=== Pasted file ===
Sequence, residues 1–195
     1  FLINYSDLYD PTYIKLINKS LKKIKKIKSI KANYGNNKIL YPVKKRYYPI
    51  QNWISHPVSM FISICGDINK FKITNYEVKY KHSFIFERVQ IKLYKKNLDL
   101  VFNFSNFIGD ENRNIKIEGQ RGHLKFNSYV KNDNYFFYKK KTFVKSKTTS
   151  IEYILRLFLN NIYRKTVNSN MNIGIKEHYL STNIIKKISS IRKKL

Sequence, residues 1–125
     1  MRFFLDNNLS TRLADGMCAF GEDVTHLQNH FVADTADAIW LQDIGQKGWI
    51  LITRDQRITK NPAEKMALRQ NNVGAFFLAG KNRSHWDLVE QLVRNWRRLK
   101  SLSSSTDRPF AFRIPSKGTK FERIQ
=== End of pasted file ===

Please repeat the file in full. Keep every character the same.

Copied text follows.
Sequence, residues 1–195
     1  FLINYSDLYD PTYIKLINKS LKKIKKIKSI KANYGNNKIL YPVKKRYYPI
    51  QNWISHPVSM FISICGDINK FKITNYEVKY KHSFIFERVQ IKLYKKNLDL
   101  VFNFSNFIGD ENRNIKIEGQ RGHLKFNSYV KNDNYFFYKK KTFVKSKTTS
   151  IEYILRLFLN NIYRKTVNSN MNIGIKEHYL STNIIKKISS IRKKL

Sequence, residues 1–125
     1  MRFFLDNNLS TRLADGMCAF GEDVTHLQNH FVADTADAIW LQDIGQKGWI
    51  LITRDQRITK NPAEKMALRQ NNVGAFFLAG KNRSHWDLVE QLVRNWRRLK
   101  SLSSSTDRPF AFRIPSKGTK FERIQ